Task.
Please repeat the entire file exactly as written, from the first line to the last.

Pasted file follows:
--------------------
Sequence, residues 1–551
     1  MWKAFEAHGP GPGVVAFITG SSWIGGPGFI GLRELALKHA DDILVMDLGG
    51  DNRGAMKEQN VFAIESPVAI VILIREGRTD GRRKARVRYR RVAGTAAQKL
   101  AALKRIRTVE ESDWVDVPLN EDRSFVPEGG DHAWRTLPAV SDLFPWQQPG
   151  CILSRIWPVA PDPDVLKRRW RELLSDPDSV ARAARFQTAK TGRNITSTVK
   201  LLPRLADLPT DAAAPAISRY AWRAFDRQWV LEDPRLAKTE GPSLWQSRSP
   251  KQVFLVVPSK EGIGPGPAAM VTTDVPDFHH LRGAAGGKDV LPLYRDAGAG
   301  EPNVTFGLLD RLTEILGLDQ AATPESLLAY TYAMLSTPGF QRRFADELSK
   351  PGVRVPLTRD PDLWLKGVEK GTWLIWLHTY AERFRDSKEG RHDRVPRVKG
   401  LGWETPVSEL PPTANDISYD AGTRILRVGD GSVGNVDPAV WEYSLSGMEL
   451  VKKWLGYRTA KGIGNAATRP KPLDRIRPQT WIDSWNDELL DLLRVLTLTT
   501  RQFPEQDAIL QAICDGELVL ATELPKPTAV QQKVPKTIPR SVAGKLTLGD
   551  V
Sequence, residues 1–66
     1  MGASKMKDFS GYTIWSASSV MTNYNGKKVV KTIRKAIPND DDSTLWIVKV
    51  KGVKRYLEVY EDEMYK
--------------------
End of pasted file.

Sequence, residues 1–551
     1  MWKAFEAHGP GPGVVAFITG SSWIGGPGFI GLRELALKHA DDILVMDLGG
    51  DNRGAMKEQN VFAIESPVAI VILIREGRTD GRRKARVRYR RVAGTAAQKL
   101  AALKRIRTVE ESDWVDVPLN EDRSFVPEGG DHAWRTLPAV SDLFPWQQPG
   151  CILSRIWPVA PDPDVLKRRW RELLSDPDSV ARAARFQTAK TGRNITSTVK
   201  LLPRLADLPT DAAAPAISRY AWRAFDRQWV LEDPRLAKTE GPSLWQSRSP
   251  KQVFLVVPSK EGIGPGPAAM VTTDVPDFHH LRGAAGGKDV LPLYRDAGAG
   301  EPNVTFGLLD RLTEILGLDQ AATPESLLAY TYAMLSTPGF QRRFADELSK
   351  PGVRVPLTRD PDLWLKGVEK GTWLIWLHTY AERFRDSKEG RHDRVPRVKG
   401  LGWETPVSEL PPTANDISYD AGTRILRVGD GSVGNVDPAV WEYSLSGMEL
   451  VKKWLGYRTA KGIGNAATRP KPLDRIRPQT WIDSWNDELL DLLRVLTLTT
   501  RQFPEQDAIL QAICDGELVL ATELPKPTAV QQKVPKTIPR SVAGKLTLGD
   551  V
Sequence, residues 1–66
     1  MGASKMKDFS GYTIWSASSV MTNYNGKKVV KTIRKAIPND DDSTLWIVKV
    51  KGVKRYLEVY EDEMYK